Welcome to the weekend. Chinese and Taiwanese leaders meet for coffee. Amazon, who has put countless brick and mortar book stores out of business, opened up their own brick and mortar bookstore (with no price tags). At least 41 died in a plane crash in South Sudan. Turkey returned to one-party rule. President Recep Tayyip Erdogan’s Justice and Development Party won a better-than-expected 49.4% of the popular vote, securing an outright parliamentary majority.
Enjoy some good tunes for your weekend, listen to my November playlist… yes, Adele is on it.
Greenland is melting away. The scientific data he and a team of six other researchers collect in Greenland could yield groundbreaking information on the rate at which the melting of the Greenland ice sheet, one of the biggest and fastest-melting chunks of ice on Earth, will drive up sea levels in the coming decades. The full melting of Greenland’s ice sheet could increase sea levels by about 20 feet. See this stunningly beautiful landscape in this interactive piece from the New York Times.
Goldman Sachs dubious results. Goldman Sachs entered was a party to a social impact bond in Utah around early childhood education. The goal was to reduce the number of students needing special education. The program’s unusual success — and the payments to Goldman that were in direct proportion to that success — were based on what researchers say was a faulty assumption that many of the children in the program would have needed special education without the preschool, despite there being little evidence or previous research to indicate that this was the case. They seem to have either performed a miracle, or these kids weren’t in line for special education in the first place. Learn more in the New York Times.
Keystone killed. After a seven year deliberation, President Obama finally killed the Keystone XL pipeline on Friday. “The pipeline would not make a meaningful, long-term contribution to our economy,” Obama said. “So if Congress is serious about wanting to create jobs, this was not the way to do it.” Learn more in the Atlantic.
Tech bubble? With the rise of the unicorns, everybody is asking if we are in a tech bubble. Sam Altman of Y-Combinator is making the argument that there does not appear to be a tech bubble in the public markets or in early to mid stages of the private markets. There does appear to be a bubble in the late-stage private companies (think Uber), but that’s because people are misunderstanding these financial instruments as equity (they actually have liquidation preferences that make them look more like debt). At some point, LPs realize that buying debt in late-stage tech companies is not what they signed up for, and then prices in late-stage private companies appear to correct. Learn more in Sam’s blog.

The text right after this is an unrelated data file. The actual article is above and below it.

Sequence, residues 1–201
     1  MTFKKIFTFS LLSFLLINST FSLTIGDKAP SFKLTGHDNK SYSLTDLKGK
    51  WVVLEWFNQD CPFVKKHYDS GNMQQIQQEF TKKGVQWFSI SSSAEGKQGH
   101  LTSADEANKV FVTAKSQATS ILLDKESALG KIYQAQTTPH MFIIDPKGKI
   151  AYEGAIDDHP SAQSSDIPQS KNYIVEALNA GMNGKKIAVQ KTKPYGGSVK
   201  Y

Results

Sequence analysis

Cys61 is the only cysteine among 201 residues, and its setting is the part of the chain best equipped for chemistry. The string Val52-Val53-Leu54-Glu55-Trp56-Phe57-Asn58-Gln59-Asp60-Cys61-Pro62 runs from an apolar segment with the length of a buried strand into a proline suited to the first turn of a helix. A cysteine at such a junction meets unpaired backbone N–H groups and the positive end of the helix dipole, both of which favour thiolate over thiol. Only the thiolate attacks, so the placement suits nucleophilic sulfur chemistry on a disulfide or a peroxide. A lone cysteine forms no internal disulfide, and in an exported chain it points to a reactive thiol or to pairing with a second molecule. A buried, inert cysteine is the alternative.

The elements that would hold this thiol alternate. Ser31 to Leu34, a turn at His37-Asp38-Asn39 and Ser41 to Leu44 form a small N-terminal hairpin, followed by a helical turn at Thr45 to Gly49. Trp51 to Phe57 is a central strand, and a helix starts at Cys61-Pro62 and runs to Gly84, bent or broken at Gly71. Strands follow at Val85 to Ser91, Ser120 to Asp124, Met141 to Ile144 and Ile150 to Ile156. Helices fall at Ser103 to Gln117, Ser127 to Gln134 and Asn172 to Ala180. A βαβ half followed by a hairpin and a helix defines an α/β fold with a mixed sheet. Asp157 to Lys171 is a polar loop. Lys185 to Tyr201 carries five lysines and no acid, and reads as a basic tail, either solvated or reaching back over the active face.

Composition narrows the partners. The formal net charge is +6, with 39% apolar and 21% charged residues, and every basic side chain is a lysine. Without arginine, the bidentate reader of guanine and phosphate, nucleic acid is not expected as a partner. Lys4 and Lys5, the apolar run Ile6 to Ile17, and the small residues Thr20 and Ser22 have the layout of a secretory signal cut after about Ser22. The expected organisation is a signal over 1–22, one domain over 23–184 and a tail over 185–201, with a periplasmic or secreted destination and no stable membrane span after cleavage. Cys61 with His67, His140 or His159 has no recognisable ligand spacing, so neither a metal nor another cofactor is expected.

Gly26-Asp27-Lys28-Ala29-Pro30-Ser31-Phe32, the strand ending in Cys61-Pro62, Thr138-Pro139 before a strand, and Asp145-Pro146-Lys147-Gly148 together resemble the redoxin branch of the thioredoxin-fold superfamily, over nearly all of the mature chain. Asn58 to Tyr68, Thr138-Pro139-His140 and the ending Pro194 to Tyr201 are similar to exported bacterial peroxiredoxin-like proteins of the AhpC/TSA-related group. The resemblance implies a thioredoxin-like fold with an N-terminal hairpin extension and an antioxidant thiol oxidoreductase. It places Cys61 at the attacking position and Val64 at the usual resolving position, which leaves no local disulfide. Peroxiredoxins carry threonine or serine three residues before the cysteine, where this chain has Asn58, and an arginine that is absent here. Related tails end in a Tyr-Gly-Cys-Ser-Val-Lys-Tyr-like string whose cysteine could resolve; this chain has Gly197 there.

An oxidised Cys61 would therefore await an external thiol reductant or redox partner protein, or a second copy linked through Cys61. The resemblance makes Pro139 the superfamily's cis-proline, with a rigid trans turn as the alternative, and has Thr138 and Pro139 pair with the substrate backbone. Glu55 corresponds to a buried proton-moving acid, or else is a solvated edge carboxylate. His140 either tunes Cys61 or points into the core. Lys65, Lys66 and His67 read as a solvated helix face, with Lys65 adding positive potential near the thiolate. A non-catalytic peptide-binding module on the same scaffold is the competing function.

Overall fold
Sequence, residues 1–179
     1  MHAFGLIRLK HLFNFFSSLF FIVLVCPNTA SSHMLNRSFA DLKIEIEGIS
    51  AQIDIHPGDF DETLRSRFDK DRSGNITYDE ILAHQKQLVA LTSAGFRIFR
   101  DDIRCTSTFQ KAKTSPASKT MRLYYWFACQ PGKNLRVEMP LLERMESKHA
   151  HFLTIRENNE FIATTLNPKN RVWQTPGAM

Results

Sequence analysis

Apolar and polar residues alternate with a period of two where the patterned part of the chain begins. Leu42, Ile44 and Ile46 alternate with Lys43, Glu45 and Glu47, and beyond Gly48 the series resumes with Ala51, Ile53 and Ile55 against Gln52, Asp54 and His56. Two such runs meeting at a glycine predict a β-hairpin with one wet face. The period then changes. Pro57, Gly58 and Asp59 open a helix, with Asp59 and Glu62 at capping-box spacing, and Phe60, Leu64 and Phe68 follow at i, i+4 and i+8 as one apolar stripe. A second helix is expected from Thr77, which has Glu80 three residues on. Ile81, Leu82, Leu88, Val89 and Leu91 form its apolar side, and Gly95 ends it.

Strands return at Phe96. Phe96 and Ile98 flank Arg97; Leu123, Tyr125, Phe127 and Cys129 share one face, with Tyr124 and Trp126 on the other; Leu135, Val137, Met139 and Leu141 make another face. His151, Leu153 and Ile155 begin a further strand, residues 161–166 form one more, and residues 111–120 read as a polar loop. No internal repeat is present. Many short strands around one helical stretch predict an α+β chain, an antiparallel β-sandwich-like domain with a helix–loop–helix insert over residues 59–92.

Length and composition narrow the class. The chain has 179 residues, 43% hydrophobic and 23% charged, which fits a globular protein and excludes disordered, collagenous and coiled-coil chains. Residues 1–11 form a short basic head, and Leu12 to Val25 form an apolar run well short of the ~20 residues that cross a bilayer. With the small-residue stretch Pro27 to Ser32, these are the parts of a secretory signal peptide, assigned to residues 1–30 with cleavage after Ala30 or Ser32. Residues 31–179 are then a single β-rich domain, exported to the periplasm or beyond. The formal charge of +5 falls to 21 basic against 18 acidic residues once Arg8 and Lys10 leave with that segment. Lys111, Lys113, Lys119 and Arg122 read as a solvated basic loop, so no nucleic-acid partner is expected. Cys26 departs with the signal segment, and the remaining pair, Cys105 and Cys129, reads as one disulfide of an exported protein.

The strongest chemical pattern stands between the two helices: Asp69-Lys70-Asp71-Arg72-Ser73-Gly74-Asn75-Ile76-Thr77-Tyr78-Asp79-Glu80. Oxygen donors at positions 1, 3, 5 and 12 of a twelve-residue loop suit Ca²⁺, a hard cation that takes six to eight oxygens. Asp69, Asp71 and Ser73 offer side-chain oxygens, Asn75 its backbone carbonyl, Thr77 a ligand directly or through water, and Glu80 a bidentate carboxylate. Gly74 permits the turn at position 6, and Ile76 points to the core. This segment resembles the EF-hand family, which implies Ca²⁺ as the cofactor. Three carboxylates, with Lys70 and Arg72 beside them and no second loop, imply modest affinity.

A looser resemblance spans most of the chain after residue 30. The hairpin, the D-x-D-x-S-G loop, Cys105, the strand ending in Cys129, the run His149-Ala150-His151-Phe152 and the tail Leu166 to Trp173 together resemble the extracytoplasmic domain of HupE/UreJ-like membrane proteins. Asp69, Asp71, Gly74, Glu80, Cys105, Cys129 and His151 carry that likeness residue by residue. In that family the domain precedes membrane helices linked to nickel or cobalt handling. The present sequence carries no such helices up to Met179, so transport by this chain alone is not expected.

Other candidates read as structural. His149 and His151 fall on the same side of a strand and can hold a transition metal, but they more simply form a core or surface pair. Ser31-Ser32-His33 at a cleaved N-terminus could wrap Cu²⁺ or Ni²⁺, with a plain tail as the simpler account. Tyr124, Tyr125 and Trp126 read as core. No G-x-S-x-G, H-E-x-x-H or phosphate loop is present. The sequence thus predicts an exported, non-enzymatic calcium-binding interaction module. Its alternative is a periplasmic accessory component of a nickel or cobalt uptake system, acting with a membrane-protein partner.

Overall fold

Crowdfunding regulations… finally! After a three-year process, the SEC finally voted on the proposed Title III changes to the JOBS Act establishing new equity crowdfunding regulations. Some highlights are: 1) Companies can raise up to $1M from non-accredited investors every 12 months; 2) Investors are capped on the amount they can invest depending on their annual salary; 3) Companies must comply with disclosures; 4) The offering must be conducted through a qualified portal. Learn more here. Thanks to my friend Taylor Davidson who has his own cool newsletter on fundraising and finance for startups.
THINGS I LIKE
Do unto others. A study that involved professors from seven universities found that religious children are meaner than their secular counterparts: “Children from households identifying as either of the two major world religions (Christianity and Islam) were less altruistic than children from non-religious households.”
Bond, James Bond. And just in time for its latest installment, here’s a tally of everything you need to know about James Bond.
ABOUT THE WEEKEND BRIEFING
The Weekend Briefing is a selection of this week’s top stories on innovation and society, curated by Kyle Westaway – author of Profit & Purpose and Managing Partner of Westaway Law. I consider it a privilege to be a part of your weekend routine. Thanks.